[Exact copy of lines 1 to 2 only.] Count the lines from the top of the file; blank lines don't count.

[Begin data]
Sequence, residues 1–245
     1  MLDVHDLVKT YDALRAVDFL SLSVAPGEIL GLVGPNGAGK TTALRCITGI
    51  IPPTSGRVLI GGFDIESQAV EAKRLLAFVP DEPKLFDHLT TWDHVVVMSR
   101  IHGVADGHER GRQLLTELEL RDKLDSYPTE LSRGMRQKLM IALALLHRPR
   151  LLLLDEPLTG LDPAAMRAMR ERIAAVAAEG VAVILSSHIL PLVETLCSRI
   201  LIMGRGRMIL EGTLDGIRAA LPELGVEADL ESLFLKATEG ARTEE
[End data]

Sequence, residues 1–245
     1  MLDVHDLVKT YDALRAVDFL SLSVAPGEIL GLVGPNGAGK TTALRCITGI